“There aren’t many trains going this way, so it is always difficult to get my tickets home,” says Lisa Wang, a 25-year-old Chengdu native who works in Shanghai. “I tried twice in mid-December, and maybe everyone was trying around that time since it was the first day you could buy tickets for February 17, one day before the Lunar New Year’s Eve. I just couldn’t get any.”

Wang ended up adding 120 yuan (US$19.20) to get the ticket from a scalper her colleague referred her to.

By the first week of February, the national railway police had already busted more than 2,500 such illegal ticket vendors, while in Shanghai three gangs of 54 were cracked. Some were even based in nearby Southeast Asian countries.

“It’s quite dangerous to do the business now, but the bigger the risk is, the higher the return,” says a Beijing-based illegal ticket scalper in his mid-40s.

He has been in the business for nearly 10 years, and used to buy dozens of tickets for the hot routes on the first day they were released when ID was not required.

“Many old pals gave up this part of the business when increasingly more anti-scalper policies were released, but we always have our ways,” he says. “We have hundreds of IDs that we can use, and we have professional machines and software that you can never beat with your personal computer at home and those amateur Internet browsers.”

He says the machine is “professionally equipped to raise Internet speed to its highest” and “installed with our ‘secret weapons’ that can buy 30 different tickets at the same time.”

High-tech trend

For each ticket, there is a surcharge of 100 to 200 yuan. He is unwilling to reveal his income since December, but says 50,000 yuan is a low estimate.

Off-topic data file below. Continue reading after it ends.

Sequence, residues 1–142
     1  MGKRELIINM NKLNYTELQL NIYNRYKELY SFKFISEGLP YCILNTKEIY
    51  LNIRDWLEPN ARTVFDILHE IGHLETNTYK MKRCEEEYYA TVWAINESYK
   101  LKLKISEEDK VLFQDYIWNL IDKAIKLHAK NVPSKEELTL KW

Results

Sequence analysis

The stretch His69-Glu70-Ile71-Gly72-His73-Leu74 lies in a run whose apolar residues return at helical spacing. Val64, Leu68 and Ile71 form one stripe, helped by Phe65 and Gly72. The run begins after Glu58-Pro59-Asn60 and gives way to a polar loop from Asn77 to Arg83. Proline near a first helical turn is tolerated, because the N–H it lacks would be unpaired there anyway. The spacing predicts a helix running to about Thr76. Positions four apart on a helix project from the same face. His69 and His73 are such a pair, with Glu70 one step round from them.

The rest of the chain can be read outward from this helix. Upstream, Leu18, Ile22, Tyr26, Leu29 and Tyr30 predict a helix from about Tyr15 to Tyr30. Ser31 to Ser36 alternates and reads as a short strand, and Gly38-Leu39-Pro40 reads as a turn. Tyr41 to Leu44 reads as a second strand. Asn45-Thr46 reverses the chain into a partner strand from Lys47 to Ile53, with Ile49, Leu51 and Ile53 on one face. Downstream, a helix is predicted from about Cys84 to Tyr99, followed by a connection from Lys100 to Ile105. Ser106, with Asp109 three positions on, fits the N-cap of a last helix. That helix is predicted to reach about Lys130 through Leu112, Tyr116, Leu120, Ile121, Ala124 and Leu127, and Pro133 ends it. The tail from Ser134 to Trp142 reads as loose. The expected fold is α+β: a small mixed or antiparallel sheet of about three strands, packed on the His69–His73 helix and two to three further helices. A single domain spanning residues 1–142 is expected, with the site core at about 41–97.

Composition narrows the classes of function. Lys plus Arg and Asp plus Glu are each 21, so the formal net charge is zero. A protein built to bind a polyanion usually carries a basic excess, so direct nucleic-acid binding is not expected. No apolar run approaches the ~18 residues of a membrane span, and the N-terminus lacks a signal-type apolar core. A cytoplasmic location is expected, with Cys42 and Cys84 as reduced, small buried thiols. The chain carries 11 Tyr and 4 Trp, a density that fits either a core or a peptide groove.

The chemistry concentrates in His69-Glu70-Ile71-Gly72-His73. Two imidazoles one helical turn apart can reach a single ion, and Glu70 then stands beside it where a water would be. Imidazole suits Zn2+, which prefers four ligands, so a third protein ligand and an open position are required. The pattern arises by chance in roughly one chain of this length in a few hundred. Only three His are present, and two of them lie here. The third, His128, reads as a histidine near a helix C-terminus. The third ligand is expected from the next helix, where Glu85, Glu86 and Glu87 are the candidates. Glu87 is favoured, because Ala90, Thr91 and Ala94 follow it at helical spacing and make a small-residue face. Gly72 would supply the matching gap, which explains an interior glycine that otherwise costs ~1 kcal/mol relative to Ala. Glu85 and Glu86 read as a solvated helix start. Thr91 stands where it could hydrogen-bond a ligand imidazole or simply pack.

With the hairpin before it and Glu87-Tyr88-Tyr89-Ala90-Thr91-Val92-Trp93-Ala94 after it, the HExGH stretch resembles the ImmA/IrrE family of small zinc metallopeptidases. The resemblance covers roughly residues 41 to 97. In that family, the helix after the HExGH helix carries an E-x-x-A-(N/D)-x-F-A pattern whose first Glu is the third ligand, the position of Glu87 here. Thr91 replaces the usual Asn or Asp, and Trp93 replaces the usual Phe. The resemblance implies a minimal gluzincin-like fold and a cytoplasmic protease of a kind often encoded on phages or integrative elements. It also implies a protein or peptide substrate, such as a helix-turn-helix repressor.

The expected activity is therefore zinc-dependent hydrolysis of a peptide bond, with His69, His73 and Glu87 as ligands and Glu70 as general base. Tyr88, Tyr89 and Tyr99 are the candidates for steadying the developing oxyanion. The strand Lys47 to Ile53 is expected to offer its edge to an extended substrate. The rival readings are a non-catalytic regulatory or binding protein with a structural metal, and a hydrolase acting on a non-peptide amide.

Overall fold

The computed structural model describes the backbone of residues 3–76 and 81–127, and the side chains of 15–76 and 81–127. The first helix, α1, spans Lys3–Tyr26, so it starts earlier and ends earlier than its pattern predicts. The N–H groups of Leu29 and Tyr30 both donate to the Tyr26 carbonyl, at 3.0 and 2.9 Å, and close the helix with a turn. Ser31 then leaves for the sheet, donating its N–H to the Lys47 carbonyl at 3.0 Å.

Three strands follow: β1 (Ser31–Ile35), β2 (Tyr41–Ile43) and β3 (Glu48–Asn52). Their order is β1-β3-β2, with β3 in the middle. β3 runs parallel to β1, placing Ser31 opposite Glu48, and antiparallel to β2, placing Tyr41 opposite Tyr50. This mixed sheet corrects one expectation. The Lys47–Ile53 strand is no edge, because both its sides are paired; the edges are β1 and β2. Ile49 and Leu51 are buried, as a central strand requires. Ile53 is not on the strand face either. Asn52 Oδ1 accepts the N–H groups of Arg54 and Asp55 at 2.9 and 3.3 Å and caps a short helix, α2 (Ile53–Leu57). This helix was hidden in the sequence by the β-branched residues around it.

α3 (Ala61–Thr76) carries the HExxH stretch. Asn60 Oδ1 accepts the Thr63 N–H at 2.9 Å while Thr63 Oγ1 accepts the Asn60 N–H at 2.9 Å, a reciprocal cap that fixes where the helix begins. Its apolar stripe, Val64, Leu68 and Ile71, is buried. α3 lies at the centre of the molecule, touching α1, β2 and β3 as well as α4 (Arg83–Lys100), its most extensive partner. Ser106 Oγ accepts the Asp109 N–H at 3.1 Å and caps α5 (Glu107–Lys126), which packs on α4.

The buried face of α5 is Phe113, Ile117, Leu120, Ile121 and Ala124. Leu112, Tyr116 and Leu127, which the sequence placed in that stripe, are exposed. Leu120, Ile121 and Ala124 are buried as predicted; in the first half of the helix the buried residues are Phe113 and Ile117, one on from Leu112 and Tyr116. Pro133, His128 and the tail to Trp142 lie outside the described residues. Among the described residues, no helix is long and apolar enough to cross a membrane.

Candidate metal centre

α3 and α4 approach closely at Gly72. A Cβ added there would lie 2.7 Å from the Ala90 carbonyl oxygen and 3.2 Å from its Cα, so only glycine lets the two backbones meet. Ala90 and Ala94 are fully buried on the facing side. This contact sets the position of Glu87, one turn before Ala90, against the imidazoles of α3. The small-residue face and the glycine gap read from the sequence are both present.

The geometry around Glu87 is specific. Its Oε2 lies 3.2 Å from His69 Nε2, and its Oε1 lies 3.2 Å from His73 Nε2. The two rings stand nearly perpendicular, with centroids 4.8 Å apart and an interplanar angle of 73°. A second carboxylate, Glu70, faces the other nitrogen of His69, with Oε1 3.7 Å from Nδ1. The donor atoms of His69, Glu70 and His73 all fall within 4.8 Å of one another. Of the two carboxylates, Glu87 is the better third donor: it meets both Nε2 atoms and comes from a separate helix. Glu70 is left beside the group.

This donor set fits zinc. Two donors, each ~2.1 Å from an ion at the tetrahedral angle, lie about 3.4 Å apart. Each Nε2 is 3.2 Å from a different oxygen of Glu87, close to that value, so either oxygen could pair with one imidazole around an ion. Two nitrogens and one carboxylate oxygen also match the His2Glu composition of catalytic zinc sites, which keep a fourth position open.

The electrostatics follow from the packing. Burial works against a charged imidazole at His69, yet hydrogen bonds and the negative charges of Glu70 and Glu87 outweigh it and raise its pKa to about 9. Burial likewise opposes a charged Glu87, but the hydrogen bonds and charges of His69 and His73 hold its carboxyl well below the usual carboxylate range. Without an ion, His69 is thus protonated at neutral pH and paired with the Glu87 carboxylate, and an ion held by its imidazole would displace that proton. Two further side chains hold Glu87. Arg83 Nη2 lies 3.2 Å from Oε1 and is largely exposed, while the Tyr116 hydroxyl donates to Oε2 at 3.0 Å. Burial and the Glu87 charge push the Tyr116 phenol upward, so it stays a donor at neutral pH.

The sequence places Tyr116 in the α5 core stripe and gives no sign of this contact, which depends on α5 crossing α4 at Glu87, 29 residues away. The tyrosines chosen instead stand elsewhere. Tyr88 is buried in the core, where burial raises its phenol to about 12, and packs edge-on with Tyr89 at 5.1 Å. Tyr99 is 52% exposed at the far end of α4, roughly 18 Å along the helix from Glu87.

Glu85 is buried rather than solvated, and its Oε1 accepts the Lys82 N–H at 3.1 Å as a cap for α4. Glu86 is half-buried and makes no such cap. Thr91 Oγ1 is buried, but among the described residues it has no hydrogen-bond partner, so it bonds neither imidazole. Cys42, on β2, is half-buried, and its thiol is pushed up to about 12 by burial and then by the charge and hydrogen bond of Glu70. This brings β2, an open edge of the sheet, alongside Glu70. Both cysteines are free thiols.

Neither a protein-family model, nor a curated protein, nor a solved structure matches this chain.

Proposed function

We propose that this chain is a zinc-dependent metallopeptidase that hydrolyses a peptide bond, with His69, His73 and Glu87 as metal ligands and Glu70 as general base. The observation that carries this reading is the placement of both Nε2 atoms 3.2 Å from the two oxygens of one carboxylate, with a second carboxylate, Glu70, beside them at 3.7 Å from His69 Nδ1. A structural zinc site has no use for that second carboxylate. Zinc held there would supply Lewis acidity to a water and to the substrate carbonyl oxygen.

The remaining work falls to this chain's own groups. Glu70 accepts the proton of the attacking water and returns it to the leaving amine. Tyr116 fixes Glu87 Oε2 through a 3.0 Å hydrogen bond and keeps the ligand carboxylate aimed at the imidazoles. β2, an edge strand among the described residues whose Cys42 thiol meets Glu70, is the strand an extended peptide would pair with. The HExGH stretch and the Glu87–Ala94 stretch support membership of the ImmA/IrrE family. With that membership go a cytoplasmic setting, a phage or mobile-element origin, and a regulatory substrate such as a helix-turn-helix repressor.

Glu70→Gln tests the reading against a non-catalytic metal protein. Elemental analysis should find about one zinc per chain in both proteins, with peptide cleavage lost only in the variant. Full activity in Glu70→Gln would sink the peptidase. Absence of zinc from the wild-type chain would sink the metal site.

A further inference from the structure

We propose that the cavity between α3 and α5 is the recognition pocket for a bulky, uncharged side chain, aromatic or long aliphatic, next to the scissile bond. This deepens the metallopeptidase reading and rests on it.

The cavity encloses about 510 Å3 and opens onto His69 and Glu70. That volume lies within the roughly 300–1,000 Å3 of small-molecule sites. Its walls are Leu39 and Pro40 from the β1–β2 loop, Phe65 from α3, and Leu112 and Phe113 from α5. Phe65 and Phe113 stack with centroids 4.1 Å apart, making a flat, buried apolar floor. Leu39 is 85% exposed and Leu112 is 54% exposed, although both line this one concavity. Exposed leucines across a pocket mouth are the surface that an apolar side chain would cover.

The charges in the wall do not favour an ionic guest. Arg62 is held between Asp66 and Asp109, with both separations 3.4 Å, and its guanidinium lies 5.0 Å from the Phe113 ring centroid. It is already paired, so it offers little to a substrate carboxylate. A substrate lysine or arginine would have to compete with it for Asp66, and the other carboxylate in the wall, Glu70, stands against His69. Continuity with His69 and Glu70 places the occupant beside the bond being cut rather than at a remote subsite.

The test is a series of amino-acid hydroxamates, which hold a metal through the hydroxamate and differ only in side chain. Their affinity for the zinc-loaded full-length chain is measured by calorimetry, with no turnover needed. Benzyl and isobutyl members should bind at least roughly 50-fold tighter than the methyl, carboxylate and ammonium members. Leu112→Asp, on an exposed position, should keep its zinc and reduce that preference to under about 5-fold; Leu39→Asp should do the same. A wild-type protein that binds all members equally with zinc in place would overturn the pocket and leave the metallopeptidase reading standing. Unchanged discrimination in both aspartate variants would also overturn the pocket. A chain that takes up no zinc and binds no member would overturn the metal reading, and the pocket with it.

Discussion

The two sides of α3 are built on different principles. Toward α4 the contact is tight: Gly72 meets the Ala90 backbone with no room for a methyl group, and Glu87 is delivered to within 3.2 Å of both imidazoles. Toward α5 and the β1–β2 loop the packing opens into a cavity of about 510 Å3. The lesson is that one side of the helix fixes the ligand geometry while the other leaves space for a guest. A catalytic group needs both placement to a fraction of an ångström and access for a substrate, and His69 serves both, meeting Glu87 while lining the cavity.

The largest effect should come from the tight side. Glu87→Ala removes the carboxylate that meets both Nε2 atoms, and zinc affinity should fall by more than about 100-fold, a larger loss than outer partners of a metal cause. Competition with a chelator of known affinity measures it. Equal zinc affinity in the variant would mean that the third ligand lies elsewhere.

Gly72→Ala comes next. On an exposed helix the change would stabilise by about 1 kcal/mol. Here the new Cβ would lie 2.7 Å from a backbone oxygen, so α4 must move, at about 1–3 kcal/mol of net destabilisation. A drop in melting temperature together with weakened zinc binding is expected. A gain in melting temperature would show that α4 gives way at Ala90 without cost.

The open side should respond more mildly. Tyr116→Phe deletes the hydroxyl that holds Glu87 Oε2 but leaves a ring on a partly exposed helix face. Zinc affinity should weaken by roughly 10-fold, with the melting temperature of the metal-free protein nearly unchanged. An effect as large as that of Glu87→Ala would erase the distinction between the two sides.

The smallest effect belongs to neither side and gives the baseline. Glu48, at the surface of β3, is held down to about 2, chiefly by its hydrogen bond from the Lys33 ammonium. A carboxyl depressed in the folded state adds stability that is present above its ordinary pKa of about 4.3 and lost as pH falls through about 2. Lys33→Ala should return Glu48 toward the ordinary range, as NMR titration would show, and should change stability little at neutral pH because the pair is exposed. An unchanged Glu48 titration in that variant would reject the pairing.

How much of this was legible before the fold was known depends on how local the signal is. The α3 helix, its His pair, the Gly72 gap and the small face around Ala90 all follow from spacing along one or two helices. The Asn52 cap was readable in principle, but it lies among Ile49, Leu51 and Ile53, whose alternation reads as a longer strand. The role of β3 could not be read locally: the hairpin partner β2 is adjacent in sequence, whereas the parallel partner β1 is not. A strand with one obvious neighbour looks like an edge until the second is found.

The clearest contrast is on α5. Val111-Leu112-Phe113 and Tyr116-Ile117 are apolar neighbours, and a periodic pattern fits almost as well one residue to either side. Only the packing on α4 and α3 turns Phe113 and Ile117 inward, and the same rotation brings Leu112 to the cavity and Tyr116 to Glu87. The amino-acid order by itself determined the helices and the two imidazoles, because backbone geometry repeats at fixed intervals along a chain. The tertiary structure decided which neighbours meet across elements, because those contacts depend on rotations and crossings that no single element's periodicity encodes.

“As ticket scalpers, we are the ones following the high-tech trend most closely,” says a Shanghai-based vendor who identified himself as Zhang. “We have to; we smell which way the wind is blowing for a living.

“To give you some tips, first of all, you must avoid the rush hours, and you have to be familiar with when the return tickets are available. Even with the high-tech secret weapons, such information still makes it easier to get tickets,” he adds.

He also suggests those who travel back to extremely popular stops, meaning places with lots of migrant workers returning for the holiday, plan ahead and try alternative ways.

“For example, if you can’t get the ticket for your stop, try the stop after it, and then take the train back. Usually, trains leaving from more developed areas are occupied while the other way is really empty, and it’s the other way around when you come back from the holiday.”

Anna Ke, a senior bank staffer from Shanghai, just experienced the big contrast on her recent business trip to Hefei, capital city of Anhui Province, known to have many migrants working in Shanghai.

Ke rode a fully occupied train when leaving Shanghai, but when she came back to the city last week she was occupying a whole cart by herself.

Having made money from chunyun for the past five years, illegal vendor Zhang used to be the one in charge of spotting and luring customers at the train stations. Now, he works mainly online.

He hangs onto all major forums and search posts with the keywords “chunyun” or “train tickets” and makes contacts with those who posted. Everything, including the payment process, goes through the Internet.

“The old guys in my gang have learned this really quickly too. Once you have money, there is motivation,” he adds.